Having said that, it’s really important that even the best analog to digital converters won’t record a 24 bit audio signal where all the bits are meaningful. To get a wider dynamic range than this you need to have parallel converters, one of which is set to record the quieter sounds and the other to capture the louder ones. Clever electronics crossfades between the two signals in a range where the two overlap.
So, let’s not fixate on 8, 16, 24 or more bits, nor a particular sample rate. Let’s agree that - within reason - there are no practical limits to the sampling frequency nor the bit-depth of a theoretical digital audio recording system. I would also argue that with today’s technology, digital audio quality exceeds that of analogue by a huge margin. If you disagree with me on this, I’d love to know.
Nuances and character
With both digital audio and video, I think a reasonable empirical measure of whether your recording system is better than analogue is whether it can capture the nuances and “character” of a live analogue performance, or, if you’re transferring from an analogue medium to a digital one, whether it can reproduce the analogue recording without anyone realising that it’s digital. All of this assumes that the digital recordings are made well, and that levels are optimised for the digital medium (digital recordings suffer if the recorded levels are too low).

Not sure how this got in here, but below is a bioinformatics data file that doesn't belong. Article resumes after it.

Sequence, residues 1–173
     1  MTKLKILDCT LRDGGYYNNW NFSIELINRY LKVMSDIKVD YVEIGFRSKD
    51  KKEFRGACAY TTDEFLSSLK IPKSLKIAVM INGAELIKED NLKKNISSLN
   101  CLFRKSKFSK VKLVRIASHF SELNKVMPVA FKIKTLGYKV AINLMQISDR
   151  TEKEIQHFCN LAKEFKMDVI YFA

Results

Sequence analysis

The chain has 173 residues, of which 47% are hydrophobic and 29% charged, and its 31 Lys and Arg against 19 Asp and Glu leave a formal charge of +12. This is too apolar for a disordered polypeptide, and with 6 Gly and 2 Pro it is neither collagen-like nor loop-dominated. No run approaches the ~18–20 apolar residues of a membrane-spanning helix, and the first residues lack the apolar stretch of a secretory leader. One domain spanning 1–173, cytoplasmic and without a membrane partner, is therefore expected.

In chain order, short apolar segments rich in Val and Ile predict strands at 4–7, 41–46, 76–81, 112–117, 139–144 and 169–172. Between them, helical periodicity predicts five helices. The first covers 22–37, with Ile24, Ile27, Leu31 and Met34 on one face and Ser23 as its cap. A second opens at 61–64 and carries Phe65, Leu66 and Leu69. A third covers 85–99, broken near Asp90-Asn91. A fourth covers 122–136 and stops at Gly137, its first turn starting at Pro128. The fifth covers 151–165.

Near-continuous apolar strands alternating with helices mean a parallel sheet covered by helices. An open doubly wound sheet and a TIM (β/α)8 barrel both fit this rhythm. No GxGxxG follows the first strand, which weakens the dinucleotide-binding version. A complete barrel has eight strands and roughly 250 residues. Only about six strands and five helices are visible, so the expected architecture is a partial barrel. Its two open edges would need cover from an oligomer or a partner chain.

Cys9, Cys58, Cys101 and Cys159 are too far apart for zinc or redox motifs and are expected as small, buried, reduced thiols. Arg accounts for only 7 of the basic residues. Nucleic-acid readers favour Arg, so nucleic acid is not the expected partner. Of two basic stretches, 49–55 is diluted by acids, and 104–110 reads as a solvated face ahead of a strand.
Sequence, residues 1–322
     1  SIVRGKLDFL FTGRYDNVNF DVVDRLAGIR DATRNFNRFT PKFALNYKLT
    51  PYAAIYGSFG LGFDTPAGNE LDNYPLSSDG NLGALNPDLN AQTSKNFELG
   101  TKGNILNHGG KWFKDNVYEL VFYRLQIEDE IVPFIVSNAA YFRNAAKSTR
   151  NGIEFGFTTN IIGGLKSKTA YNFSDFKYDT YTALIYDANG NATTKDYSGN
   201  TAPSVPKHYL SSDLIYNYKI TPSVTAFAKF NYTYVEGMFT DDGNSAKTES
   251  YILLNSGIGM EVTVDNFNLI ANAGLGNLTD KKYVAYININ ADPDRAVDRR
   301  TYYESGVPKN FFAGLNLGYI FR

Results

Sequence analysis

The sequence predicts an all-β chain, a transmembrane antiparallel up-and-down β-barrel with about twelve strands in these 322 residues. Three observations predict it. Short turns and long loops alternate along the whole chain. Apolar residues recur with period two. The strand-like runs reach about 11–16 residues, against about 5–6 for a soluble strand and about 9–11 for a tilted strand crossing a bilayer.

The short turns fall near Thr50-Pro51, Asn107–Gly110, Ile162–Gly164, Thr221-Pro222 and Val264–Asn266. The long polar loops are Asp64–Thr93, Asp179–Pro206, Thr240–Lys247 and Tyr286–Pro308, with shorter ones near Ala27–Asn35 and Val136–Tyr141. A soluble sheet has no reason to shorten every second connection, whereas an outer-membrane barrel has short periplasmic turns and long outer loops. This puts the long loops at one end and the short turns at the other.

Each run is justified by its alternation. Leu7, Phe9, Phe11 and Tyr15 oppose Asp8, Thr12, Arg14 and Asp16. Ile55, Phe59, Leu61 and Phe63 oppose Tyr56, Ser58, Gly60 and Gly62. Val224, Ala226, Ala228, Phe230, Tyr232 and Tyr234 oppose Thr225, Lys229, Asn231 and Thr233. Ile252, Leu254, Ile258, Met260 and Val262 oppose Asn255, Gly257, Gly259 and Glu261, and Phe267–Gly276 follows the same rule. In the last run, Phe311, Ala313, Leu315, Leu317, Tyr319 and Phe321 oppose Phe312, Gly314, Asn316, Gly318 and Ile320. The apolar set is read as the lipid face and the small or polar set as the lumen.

So, how does this mean that the more digital you get the more analogue you become? It’s quite simple. Digital audio at its best approaches complete transparency. It doesn’t have “character”. That’s a good thing, because it means that if you want character in your recording you can generate it through the use of characterful microphones, mic pre-amps, analogue compressors and even an analogue mixing desk. And when all of that studio equipment gives you a jaw-droppingly beautiful sound, you can capture it in all its splendour with a high quality digital recording system.
All of this applies to video and digital cinema too, which is, of course, video. With affordable cameras that can capture at 12K resolution and with a vast dynamic rage - and likely more before long - there are simply no remaining arguments that film is superior to video. And if you simply must have film, you can capture your masterpiece on celluloid, and transfer it - including its film-ness - to a digital recording. Just as Digital Intermediate has been doing for decades now.
Hence the statement in the title of this argument. Another way to put it is that the sound and the look of analogue is now a subset of the capabilities of digital.